We go through a ton of stock in our kitchen to make soups, risotto, rice, stews…something is always bubbling away in a savoury chicken or vegetable stock. Usually we have bags of homemade frozen stock in the freezer but my one complaint about that is the amount of space it takes up. The Vorwerk cookbook My Way of Cooking had an interesting approach to stock: make a batch of stock paste that keeps in the fridge for months. In recipes calling for stock, just take 1 to 2 teaspoons of the resulting paste, mix it with 500 g water to yield about 2 cups of stock.
After you’ve minced your chicken in the Thermomix and set it aside, place the vegetables and herbs in the bowl and chop.
Add the minced chicken and remainder of ingredients and let it cook for 30 minutes on the Varoma setting at speed 2. I had issues with the 150 g salt it called for. That’s 10 tbsps making me wonder if the 150 is a typo. (Update: no typo, the amount is required for preservation.)
After it cooks, blend on speed 10 for 1 minute and you end up with a thick paste (pictured below).
Let it cool and then store it in an air tight container in your fridge.
I made enough paste to make about 60 cups of stock. That would equal 15 of these:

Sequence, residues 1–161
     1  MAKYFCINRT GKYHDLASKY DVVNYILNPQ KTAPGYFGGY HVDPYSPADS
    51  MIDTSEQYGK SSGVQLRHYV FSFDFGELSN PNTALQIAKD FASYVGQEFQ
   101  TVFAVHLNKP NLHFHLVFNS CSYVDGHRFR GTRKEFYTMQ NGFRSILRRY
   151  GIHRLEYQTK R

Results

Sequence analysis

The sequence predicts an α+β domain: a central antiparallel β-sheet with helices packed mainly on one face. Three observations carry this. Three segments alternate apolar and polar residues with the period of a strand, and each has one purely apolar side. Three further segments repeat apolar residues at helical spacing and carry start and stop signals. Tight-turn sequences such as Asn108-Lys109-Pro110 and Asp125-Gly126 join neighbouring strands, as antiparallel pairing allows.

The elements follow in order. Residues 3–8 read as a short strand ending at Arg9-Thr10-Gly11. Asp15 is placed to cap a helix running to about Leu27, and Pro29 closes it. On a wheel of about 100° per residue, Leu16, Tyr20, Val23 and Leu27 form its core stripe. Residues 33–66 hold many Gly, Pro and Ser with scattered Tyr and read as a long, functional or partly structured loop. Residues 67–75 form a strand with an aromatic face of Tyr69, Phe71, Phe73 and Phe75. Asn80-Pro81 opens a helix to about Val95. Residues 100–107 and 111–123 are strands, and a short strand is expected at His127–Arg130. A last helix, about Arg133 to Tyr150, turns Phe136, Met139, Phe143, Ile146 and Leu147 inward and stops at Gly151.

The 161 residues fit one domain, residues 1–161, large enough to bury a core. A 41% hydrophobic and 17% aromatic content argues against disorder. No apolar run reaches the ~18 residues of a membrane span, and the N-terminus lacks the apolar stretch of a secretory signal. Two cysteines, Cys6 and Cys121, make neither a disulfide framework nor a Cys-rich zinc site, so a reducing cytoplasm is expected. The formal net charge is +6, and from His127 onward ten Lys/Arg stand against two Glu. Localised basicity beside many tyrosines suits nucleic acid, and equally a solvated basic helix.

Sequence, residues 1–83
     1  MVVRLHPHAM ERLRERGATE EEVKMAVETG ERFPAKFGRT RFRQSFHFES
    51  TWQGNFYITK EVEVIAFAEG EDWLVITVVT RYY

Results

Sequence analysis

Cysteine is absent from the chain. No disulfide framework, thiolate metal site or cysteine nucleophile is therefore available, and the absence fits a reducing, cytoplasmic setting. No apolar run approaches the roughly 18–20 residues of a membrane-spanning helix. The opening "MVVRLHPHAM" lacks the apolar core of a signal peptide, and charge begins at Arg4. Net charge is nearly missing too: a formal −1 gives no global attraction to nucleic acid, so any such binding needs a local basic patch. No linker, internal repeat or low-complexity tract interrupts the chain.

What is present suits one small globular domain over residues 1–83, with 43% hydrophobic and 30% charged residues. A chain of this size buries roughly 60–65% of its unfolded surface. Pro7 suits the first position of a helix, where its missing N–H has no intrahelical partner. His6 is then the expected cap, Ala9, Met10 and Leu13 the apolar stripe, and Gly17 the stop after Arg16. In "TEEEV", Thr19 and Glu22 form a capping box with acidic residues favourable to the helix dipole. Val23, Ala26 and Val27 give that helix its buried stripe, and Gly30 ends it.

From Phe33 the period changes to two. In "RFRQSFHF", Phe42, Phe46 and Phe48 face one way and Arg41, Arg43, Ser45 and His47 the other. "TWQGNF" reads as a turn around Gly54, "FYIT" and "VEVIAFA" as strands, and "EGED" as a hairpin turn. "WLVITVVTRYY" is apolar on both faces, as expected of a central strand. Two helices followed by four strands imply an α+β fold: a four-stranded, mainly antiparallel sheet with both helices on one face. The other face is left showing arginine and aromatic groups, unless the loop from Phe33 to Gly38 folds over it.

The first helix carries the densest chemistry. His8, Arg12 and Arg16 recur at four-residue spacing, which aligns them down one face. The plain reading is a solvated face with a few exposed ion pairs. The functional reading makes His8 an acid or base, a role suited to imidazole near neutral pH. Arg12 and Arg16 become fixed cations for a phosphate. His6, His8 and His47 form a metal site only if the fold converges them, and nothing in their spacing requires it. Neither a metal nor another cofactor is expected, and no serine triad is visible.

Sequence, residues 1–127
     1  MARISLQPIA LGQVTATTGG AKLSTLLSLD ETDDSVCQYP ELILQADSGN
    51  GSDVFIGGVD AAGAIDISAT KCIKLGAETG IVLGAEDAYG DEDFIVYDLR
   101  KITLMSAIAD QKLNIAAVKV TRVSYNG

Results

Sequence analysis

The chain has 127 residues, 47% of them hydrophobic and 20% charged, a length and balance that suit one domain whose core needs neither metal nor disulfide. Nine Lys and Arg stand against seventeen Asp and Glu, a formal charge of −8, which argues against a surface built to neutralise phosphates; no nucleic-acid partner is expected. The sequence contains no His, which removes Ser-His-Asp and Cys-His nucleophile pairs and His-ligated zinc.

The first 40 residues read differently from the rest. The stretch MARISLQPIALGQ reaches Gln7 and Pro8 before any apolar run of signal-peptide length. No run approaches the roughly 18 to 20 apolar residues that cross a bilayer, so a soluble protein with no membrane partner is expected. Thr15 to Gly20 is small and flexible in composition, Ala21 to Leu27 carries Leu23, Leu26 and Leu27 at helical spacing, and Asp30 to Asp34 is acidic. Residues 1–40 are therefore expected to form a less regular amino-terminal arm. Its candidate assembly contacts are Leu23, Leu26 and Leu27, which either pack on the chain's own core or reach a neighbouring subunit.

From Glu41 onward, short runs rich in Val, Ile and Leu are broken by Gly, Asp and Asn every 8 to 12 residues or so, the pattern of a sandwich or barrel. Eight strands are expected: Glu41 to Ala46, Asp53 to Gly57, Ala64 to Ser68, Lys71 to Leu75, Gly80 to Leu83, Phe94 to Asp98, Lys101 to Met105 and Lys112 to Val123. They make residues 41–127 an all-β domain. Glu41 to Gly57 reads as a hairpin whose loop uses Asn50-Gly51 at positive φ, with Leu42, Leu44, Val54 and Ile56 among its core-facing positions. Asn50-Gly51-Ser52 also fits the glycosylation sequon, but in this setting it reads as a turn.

One box of this particular stock costs about $4, so approximately $1/cup. Doing it the Thermomix way breaks down to approximately 4 cents per cup. That’s crazy.
The vegetable stock paste is more of the same, easy procedure:
Chop up a chunk of Parmesan cheese and set aside. Place cut up pieces of vegetables and herbs into the Thermomix and chop.
Again, when you want to make stock, just add 1 to 2 tsps of the vegetable paste to 500 g of water to make approximately 2 cups of stock. These recipes, like many of the ones found in this cookbook are super easy. If you want to use other vegetables that are not called for in this recipe, go for it. Many of these recipes can be altered to suit the ingredients you have on hand.
This is a money-saving, incredibly easy recipe and a great alternative to buying boxes of stock, or spending hours simmering, straining and supervising vats of stock on your stovetop.